Pharmacy Not Liable for Refusal to Fill Rx

Larry M. Simonsmeier, JD, RPh
Published Online: Tuesday, July 1, 2003
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Issue of the Case:
A Missouri Court of Appeals was asked, in this month?s case, whether a pharmacist was required to call a physician for a prescription when a patient he had never seen before suffered an asthma attack.

Facts of the Case:
The plaintiff had a history of asthma, for which she used an albuterol inhaler. When suffering an asthmatic attack, she discovered that she was out of her medication. The plaintiff went to the defendant pharmacy and requested that the pharmacist either provide an inhaler or call the doctor to verify that she was "entitled" to receive the drug. The plaintiff did not have a prescription. For reasons not expand, the pharmacist did not make the call and refused to give the plaintiff the albuter-ol. As a result, she was taken by ambulance to the hospital for treatment. The plaintiff filed this lawsuit, claiming that she suffered additional breathing problems caused by the delay in treatment when the pharmacist refused to assist her.

The Court?s Ruling:
The trial court ruled that a pharmacist has no duty to supply an Rx-only medication without a prescription, nor is there a duty to call a physician for authorization when there is no prescription on file in the pharmacy. The appellate court agreed.

The Court?s Reasoning:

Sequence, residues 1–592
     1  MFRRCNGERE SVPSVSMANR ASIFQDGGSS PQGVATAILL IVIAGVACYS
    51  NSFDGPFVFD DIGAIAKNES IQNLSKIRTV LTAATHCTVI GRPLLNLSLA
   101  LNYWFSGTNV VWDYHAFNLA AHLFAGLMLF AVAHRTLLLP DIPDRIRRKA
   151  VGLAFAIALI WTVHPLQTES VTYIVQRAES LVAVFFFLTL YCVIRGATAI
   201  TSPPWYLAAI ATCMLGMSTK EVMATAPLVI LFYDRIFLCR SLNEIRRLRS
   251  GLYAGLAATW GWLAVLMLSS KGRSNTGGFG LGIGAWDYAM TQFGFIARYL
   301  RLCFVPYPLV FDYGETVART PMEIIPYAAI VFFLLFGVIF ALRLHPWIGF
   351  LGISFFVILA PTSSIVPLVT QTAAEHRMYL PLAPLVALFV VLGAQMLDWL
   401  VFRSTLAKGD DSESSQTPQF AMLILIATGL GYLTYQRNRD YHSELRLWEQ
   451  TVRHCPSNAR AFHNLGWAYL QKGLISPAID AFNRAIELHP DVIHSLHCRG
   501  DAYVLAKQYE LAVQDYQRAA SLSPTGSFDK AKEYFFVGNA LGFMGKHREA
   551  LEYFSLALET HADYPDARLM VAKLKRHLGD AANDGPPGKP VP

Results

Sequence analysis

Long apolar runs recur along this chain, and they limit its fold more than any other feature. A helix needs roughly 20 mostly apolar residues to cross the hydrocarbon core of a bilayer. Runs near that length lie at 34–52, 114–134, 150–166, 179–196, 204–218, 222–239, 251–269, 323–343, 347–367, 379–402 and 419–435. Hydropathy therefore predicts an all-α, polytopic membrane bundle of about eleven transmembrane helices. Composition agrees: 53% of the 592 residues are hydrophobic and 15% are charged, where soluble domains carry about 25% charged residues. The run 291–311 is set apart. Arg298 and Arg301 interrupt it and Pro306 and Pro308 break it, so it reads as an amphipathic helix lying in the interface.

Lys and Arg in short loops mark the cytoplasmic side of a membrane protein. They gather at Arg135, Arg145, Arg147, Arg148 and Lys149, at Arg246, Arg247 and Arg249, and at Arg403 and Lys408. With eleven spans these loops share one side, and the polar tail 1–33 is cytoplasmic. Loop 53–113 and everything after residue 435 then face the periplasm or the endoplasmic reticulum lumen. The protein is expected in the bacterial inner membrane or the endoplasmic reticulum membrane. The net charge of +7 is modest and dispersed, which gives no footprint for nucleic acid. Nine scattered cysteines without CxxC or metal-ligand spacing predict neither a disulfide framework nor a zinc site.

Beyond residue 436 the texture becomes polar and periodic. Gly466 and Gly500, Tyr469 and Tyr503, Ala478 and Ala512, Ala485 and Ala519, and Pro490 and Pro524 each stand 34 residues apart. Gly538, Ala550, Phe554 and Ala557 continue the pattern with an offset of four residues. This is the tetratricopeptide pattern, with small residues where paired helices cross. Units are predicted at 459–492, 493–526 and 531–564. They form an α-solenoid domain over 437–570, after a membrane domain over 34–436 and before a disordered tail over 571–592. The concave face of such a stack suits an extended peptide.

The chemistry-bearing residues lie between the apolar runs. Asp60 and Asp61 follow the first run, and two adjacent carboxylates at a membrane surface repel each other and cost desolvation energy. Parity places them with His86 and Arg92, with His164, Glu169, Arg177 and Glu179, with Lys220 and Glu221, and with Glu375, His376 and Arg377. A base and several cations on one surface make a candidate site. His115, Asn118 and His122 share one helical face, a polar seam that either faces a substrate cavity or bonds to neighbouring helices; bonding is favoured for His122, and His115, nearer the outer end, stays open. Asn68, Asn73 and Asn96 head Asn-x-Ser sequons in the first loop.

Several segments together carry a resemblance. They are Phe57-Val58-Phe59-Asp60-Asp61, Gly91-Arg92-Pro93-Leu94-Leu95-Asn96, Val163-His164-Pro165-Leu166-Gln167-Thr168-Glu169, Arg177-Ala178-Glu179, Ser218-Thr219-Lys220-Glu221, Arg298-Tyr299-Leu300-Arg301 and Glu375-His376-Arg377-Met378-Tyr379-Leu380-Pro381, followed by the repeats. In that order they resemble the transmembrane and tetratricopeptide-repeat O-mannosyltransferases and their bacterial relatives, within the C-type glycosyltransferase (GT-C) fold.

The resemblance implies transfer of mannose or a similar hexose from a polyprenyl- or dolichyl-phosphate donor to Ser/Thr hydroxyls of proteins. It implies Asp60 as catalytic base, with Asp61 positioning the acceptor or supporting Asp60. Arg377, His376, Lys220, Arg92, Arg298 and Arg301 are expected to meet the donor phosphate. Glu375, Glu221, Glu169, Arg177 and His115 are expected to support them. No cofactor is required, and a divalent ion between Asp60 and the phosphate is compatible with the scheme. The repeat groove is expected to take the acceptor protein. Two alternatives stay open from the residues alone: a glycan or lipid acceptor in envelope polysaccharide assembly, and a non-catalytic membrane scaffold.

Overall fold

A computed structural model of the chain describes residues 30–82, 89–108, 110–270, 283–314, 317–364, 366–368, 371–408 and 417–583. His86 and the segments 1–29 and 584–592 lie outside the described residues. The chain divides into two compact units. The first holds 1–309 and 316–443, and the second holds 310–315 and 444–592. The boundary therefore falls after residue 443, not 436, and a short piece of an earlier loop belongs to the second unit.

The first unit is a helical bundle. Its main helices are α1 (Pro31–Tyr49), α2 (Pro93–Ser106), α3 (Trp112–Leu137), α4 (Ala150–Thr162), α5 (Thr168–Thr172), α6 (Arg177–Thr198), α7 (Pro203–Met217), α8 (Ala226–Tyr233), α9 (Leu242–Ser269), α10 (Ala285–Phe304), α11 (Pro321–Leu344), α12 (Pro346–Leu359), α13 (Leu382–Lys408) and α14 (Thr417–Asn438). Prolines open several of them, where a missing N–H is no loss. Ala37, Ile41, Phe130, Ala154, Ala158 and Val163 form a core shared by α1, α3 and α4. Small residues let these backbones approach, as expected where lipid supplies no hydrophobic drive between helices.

The plaintiff alleged that the pharmacist was negligent for failing to give her an albuterol inhaler for failing to call the physician to get a prescription.  In order to prove negligence, the plantiff was required to show that the pharmacist had a legal duty t protect her from injury.

The court noted that a mere request for assistance does not create a legal duty to help another.  Although there may be a moral or humane duty to aid a person in distress or danger, in the absense of some special relationship between the parties the law generally imposes no legal duty to do so.

It was concluded that the relationship between the pharmacist and the plaintiff was, at best, one of a pharmacist to a potential customer. State law defined the practice of pharmacy to include the "dispensing of drugs pursuant to prescription orders." This did not include calling a doctor to see if a potential customer, who does not have a written prescription, is entitled to a medication when he or she requests a drug due to an immediate need.

The court went on to observe that a pharmacist is not a medical doctor and does not prescribe, but rather dispenses prescriptions according to the directions of those authorized to prescribe. Although federal and state laws require a pharmacist to consult with patients about matters that will enhance or optimize drug therapy, these duties to counsel patients arise only upon receipt of a prescription?not before.

The court held that the pharmacist was under no legal duty to provide a prescription medication, call a doctor, or consult with the plaintiff because she had never filled a prescription at his pharmacy before and did not present him with a prescription drug order.


Larry M. Simonsmeier, JD, RPhLarry M. Simonsmeier is Emeritus Professor of Pharmacy Law at Washington State University College of Pharmacy.



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